McALLEN, Texas (Border Report) — Migrants seeking to claim asylum have a greater chance of succeeding if they live in certain parts of the country, according to a new study.
Transactional Records Access Clearinghouse (TRAC) at Syracuse University analyzed six years worth of immigration courts nationwide from 2016 to 2021 and found the asylum denial rate tended to be lower in immigration courts in New York, San Francisco, Baltimore, Chicago and Arlington, Virginia.
The TRAC report, out earlier this month, found that overall the majority of immigration judges issued asylum denials in at least 70% of all cases. But higher denial rates could be tracked to courthouses in certain parts of the United States.
Some of the courts with the highest denial rates were in Houston, Atlanta, Oakdale, California, and Los Fresnos in deep South Texas.
“Based on our research, we found that immigration judges vary widely in terms of how often they grant asylum. This certainly reflects the values and dispositions of individual judges, but it also reflects the fact that judges have very different caseloads depending on where they are in the country and the kind of docket to which they are assigned,” said Austin Kocher, a researcher with TRAC.
Asylum is a discretionary form of relief for migrants from deportation, and immigration judges have the right to issue it on an individual basis depending upon documents and evidence presented in court by migrants as to why they want to stay in the United States.
Requesting to stay in the country for economic gains, for instance, is not a legal reason to apply for asylum. But those who can show that they faced political persecution in their home countries, or were victimized or the subject of crimes, or are a vulnerable population — such as LGBTQ or those with ailments — have a chance of convincing an immigration judge to allow them to live in the United States with certain restrictions.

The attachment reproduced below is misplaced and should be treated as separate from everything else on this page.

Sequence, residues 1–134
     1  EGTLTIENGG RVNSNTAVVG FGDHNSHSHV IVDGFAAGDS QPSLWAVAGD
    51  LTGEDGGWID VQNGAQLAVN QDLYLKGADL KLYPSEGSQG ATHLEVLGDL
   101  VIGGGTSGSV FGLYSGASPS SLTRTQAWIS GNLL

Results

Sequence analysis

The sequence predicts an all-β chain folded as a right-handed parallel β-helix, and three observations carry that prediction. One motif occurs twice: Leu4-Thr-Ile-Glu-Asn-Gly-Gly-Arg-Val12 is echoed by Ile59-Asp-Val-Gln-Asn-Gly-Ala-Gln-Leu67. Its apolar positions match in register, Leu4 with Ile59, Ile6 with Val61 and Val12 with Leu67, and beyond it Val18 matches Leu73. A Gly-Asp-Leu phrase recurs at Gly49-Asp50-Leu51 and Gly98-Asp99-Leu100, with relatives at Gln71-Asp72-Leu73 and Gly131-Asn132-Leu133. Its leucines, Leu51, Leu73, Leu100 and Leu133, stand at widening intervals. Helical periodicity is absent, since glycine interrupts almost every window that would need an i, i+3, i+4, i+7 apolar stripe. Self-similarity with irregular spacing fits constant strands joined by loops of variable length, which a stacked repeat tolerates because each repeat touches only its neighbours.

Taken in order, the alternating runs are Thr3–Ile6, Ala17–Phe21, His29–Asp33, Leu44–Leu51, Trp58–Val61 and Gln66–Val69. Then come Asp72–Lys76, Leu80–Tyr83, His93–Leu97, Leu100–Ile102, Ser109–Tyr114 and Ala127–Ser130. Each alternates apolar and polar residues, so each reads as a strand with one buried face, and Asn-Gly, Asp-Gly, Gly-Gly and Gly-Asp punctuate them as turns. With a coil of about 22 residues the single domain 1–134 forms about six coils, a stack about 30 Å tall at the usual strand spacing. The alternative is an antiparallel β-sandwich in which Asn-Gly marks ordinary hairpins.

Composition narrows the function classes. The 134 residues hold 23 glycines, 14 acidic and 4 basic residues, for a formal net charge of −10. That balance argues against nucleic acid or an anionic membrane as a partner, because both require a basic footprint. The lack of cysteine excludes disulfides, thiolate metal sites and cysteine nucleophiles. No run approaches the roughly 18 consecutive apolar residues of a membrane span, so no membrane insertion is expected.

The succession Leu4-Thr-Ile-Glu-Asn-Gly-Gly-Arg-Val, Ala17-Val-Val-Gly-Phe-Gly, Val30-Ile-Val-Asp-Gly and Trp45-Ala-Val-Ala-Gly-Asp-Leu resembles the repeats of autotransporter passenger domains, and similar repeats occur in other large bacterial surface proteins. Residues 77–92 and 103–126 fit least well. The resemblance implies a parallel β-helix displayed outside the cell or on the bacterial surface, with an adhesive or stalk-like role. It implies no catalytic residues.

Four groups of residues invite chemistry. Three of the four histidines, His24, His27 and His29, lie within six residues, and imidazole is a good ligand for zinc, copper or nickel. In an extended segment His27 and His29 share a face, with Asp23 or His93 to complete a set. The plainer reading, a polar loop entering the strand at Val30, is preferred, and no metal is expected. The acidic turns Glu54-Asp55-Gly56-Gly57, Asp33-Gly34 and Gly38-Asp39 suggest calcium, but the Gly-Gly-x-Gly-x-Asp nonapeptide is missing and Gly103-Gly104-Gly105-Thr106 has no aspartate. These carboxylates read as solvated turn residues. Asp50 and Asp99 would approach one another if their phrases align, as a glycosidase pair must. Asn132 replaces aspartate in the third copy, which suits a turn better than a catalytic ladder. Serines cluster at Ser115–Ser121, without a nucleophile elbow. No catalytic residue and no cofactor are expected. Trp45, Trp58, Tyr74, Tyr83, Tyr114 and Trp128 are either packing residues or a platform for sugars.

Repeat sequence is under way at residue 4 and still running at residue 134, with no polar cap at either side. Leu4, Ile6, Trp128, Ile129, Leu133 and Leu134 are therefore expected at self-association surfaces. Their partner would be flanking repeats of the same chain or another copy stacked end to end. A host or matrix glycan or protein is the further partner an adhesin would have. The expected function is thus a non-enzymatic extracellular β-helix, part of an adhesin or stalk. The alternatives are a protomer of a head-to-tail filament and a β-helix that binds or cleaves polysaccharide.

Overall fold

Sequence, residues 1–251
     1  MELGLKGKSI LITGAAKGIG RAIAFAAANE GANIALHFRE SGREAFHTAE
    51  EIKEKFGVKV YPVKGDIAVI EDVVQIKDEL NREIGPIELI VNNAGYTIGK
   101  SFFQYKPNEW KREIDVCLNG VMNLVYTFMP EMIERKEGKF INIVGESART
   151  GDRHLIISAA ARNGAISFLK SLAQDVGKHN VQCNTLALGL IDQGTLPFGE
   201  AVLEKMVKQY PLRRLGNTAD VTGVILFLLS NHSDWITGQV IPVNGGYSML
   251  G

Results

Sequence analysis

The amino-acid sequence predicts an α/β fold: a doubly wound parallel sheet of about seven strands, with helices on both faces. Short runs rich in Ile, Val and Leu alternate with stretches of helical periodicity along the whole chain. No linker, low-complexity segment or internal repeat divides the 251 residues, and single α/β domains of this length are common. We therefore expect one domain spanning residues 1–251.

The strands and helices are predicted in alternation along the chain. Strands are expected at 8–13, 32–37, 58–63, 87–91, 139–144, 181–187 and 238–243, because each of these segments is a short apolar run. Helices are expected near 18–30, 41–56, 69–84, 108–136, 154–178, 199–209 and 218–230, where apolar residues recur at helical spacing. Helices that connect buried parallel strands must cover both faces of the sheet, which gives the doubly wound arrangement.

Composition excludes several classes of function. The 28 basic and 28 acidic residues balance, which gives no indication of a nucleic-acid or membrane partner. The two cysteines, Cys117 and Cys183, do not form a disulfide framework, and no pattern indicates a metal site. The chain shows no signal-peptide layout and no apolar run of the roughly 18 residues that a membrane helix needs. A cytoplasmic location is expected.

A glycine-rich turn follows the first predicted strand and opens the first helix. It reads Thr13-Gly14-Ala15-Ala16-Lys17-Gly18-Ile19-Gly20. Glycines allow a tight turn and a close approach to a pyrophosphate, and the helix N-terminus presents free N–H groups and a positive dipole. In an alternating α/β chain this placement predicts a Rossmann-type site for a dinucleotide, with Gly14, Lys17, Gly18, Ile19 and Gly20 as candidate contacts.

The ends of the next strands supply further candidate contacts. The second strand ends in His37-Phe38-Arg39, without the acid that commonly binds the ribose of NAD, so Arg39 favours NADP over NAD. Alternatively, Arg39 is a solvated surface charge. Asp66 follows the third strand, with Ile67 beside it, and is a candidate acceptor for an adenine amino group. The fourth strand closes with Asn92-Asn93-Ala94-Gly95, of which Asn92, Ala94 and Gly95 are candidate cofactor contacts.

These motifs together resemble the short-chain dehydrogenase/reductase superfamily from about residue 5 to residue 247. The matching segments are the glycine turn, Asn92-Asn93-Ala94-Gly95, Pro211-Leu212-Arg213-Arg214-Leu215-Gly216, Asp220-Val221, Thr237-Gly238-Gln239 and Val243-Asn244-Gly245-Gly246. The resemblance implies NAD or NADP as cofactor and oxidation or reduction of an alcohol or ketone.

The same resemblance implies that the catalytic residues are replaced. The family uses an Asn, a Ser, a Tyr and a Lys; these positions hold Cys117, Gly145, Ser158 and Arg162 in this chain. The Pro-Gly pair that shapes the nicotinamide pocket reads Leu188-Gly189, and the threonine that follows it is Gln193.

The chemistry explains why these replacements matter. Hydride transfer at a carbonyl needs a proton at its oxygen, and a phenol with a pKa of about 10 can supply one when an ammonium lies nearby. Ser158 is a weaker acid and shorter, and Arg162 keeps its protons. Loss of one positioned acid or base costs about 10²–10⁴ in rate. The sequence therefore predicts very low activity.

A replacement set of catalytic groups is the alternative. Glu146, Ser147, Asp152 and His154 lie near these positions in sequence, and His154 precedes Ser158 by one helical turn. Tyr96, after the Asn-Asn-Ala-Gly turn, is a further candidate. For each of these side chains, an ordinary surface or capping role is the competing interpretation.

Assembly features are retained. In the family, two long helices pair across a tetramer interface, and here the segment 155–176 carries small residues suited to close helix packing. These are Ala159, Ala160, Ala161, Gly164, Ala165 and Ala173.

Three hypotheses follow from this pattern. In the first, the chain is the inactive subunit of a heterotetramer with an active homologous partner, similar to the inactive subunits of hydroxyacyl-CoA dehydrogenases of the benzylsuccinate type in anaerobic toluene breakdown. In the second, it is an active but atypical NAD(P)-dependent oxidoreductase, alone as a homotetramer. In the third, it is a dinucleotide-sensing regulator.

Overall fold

The study found that one in five immigration judges had a denial rate of over 90% involving asylum cases. One judge in Houston had a 100% denial rate for 106 asylum cases heard during the six years.
Some groups of migrants, like Chinese nationals, tended to have more favorable asylum outcomes. And regions with dense populations of those migrants tended to have lower asylum denial rates.
“Chinese nationals have had much higher rates of asylum success due to the way asylum law is written, so it makes sense that judges with large numbers of Chinese asylum cases are likely to have higher grant rates. On the other hand, detained immigrants have a much harder time applying for asylum successfully, so a judge who is assigned to a detained docket may grant asylum at a much lower rate than their peers,” Kocher said.
Aaron Reichlin-Melnick, policy counsel at the American Immigration Council, last month told Border Report that the location where a migrant lives and files for asylum has a significant impact on the outcome of their case.
“The location that a person seeks asylum matters because case outcomes change depending upon the judge that a person’s case is heard in front of and what state they are in because different law applies in different states of the country depending upon what federal circuit court they reside with,” said Reichlin-Melnick, whose organization is based in Washington, D.C.
“It is much easier to win asylum if you are in New York under the 2nd Circuit Court of Appeals than if you are in Texas under the 5th Circuit Court of Appeals. Asylum law is much harsher in some parts of the country and much better in others,” Reichlin-Melnick said.
“In the Atlanta immigration courts, 97-98% of all asylum applications are denied. By contrast, in New York immigration courts, more than half of all asylum applications are granted. So if you happen to be an asylum-seeker that goes to reside in Atlanta, you are almost certainly going to lose your case regardless of how strong it is because the judges in Atlanta deny virtually all cases. On the other hand, if you are going to go to New York and if you have a strong case you are very likely to win asylum,” Reichlin-Melnick said.
The TRAC study examined 223,469 total asylum decisions from 62 immigration courts and 492 immigration judges nationwide.
The TRAC study also found that the bulk of asylum cases was heard by just six immigration courts. Those courts were in New York, San Francisco, Miami, Houston, Los Angeles and Baltimore, and they accounted for 48% of all decisions.
South Texas correspondent Sandra Sanchez can be reached at Ssanchez@borderreport.com.